Inside

Kit Miles

What was the inspiration behind your RCA Show work?

My final show was made up of a series of huge stripes and geometric designs printed onto textiles, twisted and bent into shapes to create dynamic, striking, repeating motifs. I also showed a short animation showing a swirling vision communicating my central narrative of surrealism and Baroque or  ‘super-reality’. This idea of forming a world is now at the heart of my studio practice and is crucial to the future vision of my company. The idea of large-scale, opulent imagery and combining surrealist notions and a baroque sensibility were and still are part of the story of my work, but it has evolved into a luxury-end studio – the work involves many sub-themes and influences but always points towards my central  ‘mood’. I draw everything by hand, as it gives me full control as to the message I wish to communicate through the graphic mark and image. My designs sought to unravel a new kind of dialogue between colour and imagery through subtle subversions and a bringing together of a diverse subject matter – in turn creating designs which were steeped in historical context and very much pointed towards a feeling of the future.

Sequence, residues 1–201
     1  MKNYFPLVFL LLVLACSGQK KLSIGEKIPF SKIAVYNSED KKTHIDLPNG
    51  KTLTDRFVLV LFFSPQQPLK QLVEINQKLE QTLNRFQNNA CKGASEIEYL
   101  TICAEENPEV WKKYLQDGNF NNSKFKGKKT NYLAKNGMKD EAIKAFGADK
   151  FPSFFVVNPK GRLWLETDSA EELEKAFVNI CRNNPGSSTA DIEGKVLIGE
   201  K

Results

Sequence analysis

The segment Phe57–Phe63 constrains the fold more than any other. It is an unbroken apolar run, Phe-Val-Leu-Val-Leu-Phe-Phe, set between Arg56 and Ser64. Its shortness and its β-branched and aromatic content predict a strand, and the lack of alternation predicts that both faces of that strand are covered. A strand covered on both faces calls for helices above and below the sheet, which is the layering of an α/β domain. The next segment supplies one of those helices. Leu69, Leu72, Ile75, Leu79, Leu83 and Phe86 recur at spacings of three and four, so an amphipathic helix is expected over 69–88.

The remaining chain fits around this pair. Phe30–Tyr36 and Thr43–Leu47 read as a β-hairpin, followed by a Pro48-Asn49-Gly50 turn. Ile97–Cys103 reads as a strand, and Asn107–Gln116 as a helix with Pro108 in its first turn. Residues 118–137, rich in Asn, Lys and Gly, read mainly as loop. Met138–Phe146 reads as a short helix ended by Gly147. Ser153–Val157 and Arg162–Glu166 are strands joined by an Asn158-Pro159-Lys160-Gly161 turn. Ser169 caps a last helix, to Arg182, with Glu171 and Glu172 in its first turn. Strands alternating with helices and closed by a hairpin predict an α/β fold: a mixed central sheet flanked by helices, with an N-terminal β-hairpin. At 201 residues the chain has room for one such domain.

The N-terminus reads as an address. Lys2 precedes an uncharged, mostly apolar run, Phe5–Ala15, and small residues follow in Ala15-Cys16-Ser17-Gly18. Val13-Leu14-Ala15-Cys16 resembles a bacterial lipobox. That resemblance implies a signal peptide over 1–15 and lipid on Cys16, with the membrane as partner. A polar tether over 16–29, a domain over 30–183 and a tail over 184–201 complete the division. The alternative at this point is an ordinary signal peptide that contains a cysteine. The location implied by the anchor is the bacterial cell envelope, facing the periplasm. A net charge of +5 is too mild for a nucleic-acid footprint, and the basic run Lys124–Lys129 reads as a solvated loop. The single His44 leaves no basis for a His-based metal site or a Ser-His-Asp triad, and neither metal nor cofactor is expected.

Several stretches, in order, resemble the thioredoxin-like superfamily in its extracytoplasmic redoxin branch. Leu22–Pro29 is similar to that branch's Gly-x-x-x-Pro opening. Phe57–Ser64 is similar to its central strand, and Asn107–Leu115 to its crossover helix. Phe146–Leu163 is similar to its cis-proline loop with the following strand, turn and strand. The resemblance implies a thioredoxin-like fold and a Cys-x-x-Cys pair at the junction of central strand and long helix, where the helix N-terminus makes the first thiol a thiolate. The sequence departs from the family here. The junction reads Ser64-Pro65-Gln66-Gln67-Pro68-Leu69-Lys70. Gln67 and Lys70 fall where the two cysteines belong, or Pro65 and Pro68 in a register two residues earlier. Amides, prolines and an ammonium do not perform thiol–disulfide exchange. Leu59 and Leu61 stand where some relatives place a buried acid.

What are your memories of being a student? 

The two years spent at the RCA were intensely creative. I worked hard to shape a new lens, representing how I saw the world through my design work. I was really challenged by the academic staff and had some great mentors through my time there. My universe changed and rapidly expanded through self questioning and taking that leap into the unknown. The College helped to give me a view of the design landscape, in turn informing the emphasis of my work and therefore the potential market value. The social culture of the RCA is fundamentally important. There is a huge collective wisdom, and it was really down to me to tap into that and draw the best of our what and who was on hand to help me on my way. Overall, the RCA gave me an unshakeable drive and taught me to think big.

What do you do now?